As a reminder, there are 2 major portions of this crisis. There's a credit crunch, in which banks don't know the true value of their assets and want to ensure they have the money to service their deposits and other liabilities, so they don't lend, and nobody can get money when they need it, even on a short term, highly reliable basis. The other portion is the recession, in which output is falling, reducing employment, consumption and leaving much of our capacity idle. These two issues are highly interrelated and worsen each other, but they're also separate. Specifically, it'll be almost impossible to fix the recession until the credit crunch is fixed, and the longer we let the recession go, the worse it makes the credit crisis because more and more people don't pay back loans due to loss of employment. So the credit crunch is very important to fix quickly.
As I mentioned, these are interrelated.
I'll start and say that Cochrane makes a VERY elementary mistake in his treatment of fiscal stimuli, one that Krugman and DeLong both tear him apart for.
However, he does have some good points on monetary stimulus, and, most relevant to here, he has interesting points on the liquidity crisis.
To make a very complex train of thought simple, he advocates that the US provide a monetary stimulus (increasing the money supply) while also easing the credit crunch by buying high quality corporate debt.
While corporations with junk ratings individually have quite high likelihoods of default during credit crises (default rates have historically been between 1 and 10%, and it's likely this will be higher than that range), as a whole, corporate America is probably likely to be able to pay off their debt. Needless to say, in this environment, interest rates are quite high. Purchasing this debt a) increases the money supply, avoiding recessionary deflation, b) provides LIQUIDITY quickly in the exact spot where banks won't do it but is still important to America, and c) buys a LOT more time to sort out the toxic assets on bank balance sheets.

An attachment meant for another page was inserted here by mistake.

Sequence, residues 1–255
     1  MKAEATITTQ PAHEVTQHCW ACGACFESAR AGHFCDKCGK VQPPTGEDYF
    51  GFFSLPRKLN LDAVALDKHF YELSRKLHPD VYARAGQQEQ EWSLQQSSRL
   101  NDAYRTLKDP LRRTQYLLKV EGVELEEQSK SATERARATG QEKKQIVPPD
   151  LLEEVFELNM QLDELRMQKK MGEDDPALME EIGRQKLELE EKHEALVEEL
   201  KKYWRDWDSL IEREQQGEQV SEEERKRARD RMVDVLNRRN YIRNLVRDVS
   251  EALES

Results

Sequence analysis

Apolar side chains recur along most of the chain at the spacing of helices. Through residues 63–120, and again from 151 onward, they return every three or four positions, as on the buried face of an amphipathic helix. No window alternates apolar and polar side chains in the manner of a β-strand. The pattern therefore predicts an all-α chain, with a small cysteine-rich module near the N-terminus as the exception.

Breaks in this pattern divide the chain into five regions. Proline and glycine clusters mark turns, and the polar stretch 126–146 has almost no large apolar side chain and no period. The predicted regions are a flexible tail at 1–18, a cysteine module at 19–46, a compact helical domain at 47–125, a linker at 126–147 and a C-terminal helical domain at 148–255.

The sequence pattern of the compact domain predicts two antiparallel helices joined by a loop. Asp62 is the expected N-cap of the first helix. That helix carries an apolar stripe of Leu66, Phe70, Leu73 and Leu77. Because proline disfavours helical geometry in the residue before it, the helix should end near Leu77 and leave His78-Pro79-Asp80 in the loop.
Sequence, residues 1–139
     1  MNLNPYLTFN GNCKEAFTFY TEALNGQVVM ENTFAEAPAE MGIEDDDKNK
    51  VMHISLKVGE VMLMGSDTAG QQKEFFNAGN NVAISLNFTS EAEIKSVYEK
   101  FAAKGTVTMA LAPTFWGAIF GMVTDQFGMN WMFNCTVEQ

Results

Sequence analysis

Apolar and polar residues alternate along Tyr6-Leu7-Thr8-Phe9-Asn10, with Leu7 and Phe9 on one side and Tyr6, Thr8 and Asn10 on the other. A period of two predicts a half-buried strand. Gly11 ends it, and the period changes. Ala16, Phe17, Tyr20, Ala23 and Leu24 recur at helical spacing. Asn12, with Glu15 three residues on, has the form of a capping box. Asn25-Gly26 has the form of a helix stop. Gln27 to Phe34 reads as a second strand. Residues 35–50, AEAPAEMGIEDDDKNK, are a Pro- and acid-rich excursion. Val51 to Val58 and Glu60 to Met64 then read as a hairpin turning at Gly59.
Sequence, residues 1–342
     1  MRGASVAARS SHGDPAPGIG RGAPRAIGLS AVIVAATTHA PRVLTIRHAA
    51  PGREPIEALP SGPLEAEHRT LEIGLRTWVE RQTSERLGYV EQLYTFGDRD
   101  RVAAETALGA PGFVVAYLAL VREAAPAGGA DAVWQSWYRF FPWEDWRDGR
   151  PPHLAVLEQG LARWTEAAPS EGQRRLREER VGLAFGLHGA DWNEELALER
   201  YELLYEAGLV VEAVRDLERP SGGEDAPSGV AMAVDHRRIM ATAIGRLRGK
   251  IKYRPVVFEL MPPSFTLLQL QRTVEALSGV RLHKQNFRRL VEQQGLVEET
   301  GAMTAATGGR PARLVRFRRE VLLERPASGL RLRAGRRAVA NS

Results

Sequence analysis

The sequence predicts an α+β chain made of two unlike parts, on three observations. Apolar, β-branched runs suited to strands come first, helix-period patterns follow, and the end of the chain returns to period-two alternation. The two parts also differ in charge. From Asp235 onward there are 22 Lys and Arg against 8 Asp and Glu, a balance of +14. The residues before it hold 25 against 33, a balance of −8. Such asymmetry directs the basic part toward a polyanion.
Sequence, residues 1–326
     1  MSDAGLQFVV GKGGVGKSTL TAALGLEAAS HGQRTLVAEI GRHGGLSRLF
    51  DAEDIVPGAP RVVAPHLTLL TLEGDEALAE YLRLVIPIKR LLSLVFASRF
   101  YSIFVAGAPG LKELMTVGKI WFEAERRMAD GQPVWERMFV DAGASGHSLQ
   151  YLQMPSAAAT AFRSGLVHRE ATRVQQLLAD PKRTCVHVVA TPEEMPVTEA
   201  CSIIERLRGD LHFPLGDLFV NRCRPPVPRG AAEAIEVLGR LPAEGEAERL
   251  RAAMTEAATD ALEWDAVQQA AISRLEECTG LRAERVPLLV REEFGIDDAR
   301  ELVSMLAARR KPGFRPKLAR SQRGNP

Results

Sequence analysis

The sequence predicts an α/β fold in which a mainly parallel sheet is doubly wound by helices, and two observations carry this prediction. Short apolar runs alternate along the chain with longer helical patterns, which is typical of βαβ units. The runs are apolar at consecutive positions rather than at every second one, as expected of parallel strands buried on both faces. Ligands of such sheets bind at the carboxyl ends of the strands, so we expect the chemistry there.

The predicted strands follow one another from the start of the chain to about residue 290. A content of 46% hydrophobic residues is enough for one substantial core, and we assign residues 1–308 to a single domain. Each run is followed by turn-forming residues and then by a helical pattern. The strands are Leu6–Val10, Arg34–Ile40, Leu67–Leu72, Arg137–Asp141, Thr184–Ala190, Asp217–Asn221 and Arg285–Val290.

Functionally, instead of trying to get banks to lend more, the government just does it for banks. In a few years, when everything has settled down, the government can dispose of the corporate bonds it has acquired, likely at a profit. This increases government revenue (we're running massive deficits) while minimizing inflation risks associated with quantitative easing, which is where the US buys back its own debt for cash to increase the money supply. The relative advantage is that in a few years, when the public is sick of holding money and government debt because it can finally stomach risk again, the government doesn't have to drastically increase interest rates to get money out of the system - it has high-yielding corporate debt to sell that can be attractive in markets without absurd risk aversion.
DeLong and Krugman tear apart Cochrane's fiscal stimulus mistake:
Lucas agrees with Cochrane on the liquidity crisis part: